As mentioned, the game utilizes the same engine as the Divinity: Original Sin games, so combat here bears a strong resemblance to the Divinity games - gridless turn-based action with a heavy focus on field control and elemental effects.  Spells can lay down effects like acid, poison or fire that will damage enemies passing through them, while ice or grease can make anyone who passes through them slip and fall and water can be used to conduct electricity, damaging all enemies inside it.  Grease and oil can likewise be lit on fire to damage all enemies standing in it (and ignite them for further damage in subsequent turns).  One also gets a height advantage shooting down at enemies from above and a penalty for attacking enemies above them, and oftentimes you can lure enemies into a narrow corridor or around a corner to shield yourself from ranged attacks.  Barring that, you can also create clouds of steam or smoke to obscure their view, though this can also work against you as well.  At other times you can also weaponize the environment in creative ways, like knocking over braziers full of burning coals or even collapsing bridges to cause enemies to tumble to their doom, though you lose our on any treasure they may have been carrying.  In short, it's the first tabletop RPG inspired engine that actually lends itself well to that style of improvisation and creative thinking; indeed, it's very hard to survive without employing creative tactics whenever possible, as you're always at the whim of the dice to land hits with your weapons and most spells, so every advantage you can give yourself is a good one.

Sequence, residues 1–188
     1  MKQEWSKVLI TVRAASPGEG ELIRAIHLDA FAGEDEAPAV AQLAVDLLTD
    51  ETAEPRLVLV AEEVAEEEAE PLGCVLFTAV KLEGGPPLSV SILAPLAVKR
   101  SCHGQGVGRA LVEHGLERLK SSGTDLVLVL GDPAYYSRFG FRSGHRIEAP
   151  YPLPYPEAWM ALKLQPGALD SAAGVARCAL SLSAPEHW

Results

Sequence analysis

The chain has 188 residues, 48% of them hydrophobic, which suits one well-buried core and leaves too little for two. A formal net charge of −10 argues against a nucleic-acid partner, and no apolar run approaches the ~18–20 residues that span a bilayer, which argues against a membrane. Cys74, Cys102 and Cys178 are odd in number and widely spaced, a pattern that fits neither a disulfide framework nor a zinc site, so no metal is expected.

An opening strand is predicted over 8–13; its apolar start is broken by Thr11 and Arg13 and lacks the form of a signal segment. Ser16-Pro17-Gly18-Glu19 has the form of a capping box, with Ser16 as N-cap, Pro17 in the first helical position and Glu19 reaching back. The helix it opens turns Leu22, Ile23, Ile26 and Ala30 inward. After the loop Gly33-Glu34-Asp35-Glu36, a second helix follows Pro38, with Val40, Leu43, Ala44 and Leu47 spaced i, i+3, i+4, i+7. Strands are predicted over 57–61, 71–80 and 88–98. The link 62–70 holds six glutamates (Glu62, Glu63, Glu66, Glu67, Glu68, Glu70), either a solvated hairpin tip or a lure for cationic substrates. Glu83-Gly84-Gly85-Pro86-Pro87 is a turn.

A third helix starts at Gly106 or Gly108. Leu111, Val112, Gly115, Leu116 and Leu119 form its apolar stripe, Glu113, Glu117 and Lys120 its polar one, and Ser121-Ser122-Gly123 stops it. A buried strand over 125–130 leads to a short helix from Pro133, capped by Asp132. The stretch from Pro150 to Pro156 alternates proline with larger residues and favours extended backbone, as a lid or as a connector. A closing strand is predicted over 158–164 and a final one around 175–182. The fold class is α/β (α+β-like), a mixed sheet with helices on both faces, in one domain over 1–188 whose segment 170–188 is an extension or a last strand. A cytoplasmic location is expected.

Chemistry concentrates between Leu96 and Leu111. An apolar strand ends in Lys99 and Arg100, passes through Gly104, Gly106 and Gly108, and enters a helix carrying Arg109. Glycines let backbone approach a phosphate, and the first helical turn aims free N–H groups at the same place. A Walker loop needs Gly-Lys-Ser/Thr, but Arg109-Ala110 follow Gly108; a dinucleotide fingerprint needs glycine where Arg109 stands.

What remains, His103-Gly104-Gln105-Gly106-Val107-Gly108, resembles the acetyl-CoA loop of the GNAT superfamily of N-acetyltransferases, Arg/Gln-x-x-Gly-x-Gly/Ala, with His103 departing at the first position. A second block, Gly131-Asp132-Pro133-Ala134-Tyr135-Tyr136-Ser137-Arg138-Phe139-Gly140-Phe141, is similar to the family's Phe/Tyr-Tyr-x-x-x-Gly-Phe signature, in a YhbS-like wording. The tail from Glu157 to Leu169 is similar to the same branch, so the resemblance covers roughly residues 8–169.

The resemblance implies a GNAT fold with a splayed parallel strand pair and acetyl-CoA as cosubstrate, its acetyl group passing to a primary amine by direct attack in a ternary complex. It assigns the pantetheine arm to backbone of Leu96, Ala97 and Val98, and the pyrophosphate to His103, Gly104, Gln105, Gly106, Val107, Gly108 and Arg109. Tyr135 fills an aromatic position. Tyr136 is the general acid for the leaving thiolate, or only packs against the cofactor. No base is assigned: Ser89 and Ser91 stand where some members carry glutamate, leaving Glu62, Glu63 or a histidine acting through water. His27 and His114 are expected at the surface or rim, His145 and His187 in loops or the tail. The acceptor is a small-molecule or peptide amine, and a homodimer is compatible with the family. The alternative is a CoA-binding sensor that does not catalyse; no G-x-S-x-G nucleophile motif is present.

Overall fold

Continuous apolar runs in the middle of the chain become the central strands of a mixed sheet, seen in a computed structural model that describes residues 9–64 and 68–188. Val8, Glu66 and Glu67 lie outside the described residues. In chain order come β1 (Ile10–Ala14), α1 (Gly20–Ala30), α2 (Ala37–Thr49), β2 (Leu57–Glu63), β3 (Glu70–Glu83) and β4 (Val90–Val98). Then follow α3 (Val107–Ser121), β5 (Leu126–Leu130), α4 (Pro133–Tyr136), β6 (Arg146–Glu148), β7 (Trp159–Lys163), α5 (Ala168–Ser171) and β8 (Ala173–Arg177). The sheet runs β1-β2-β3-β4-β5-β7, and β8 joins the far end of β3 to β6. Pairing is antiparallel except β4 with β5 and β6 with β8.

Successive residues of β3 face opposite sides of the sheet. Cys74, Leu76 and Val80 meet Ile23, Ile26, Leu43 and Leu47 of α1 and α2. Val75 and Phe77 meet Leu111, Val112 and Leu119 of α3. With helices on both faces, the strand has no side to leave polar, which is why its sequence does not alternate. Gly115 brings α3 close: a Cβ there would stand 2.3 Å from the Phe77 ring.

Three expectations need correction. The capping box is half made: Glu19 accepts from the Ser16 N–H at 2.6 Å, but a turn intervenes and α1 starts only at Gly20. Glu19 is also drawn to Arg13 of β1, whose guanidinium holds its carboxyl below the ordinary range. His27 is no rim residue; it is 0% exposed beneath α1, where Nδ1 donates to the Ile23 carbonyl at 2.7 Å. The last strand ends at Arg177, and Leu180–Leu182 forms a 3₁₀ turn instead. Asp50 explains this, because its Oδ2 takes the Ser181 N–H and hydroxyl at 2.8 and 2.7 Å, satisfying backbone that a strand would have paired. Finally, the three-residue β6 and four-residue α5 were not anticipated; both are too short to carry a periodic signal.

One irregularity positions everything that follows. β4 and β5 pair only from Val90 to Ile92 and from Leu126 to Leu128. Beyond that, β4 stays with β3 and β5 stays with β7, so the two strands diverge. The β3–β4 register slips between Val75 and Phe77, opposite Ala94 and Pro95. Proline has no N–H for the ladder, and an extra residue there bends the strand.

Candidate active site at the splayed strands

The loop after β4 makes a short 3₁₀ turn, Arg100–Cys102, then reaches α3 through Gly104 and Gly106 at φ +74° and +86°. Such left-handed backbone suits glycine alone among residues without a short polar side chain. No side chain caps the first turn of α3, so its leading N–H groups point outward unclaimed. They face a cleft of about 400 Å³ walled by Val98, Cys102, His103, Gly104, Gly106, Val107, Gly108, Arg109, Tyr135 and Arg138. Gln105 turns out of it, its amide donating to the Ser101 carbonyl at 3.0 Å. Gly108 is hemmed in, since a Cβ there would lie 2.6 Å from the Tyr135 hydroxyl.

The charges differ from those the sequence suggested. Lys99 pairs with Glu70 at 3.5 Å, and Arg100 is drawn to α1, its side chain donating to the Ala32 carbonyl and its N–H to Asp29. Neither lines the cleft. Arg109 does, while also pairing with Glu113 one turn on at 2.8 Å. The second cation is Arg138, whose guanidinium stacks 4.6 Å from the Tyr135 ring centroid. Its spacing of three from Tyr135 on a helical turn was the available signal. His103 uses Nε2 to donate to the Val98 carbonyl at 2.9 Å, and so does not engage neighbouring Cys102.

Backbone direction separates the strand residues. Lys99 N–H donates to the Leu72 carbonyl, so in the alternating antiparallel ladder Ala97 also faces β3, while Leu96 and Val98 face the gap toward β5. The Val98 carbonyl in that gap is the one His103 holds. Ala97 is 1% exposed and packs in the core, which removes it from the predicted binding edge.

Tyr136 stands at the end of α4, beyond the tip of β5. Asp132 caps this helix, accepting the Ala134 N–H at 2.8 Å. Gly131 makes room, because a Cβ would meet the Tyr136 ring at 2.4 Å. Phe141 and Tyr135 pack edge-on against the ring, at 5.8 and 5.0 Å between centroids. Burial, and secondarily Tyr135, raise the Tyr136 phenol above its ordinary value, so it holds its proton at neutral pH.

Character creation is something I always tend to dread in western RPGs, mostly because it's very easy to hose yourself unless you're intimately familiar with both the rules of the game itself and what the game is going to throw at you in advance, which results in a lot of tedious rerolling and frustrating game sessions where you're setting yourself up to fail and not even knowing it.  You may not think it given my choice of genre to review on this site, but I detest tedious overdone stat crunching and inane micromanagement in games.  It's certainly not necessary for a good RPG experience, especially since the genre (ostensibly) began as a means of storytelling rather than a dopey math lesson. Original Sin 2 largely averted inane stat-crunching by being a well-balanced game, but also by allowing you to respec your character at almost any time by finding the nearest magic mirror if your current build was just not working out.  Baldur's Gate III does a good job avoiding it as well, offering a solid explanation of all the skills and stats each race, background and character class provides, as well as giving you a pretty well optimized starting stat loadout by default (and when you level up); of course, you're also free to customize at your leisure if you're a die-hard min-maxer. Fifth Edition also largely does away with the issue of "Dump Stats" present in earlier D&D versions, mostly tying characters' abilities to stats and proficiencies they're expected to have.  So Bards, Paladins, Warlocks and Sorcerers cast from their Charisma rather than superfluously relying on Intelligence, for example, and having knowledge of a particular field gets bonuses based on a character's background and learned skills (and the subsequent roll bonuses they grant) rather than a bare stat roll.  All of this stuff in various ways lets you focus on enjoying the game and the story rather than obsessing about the number crunching under the hood, which earns it a lot of points in my book.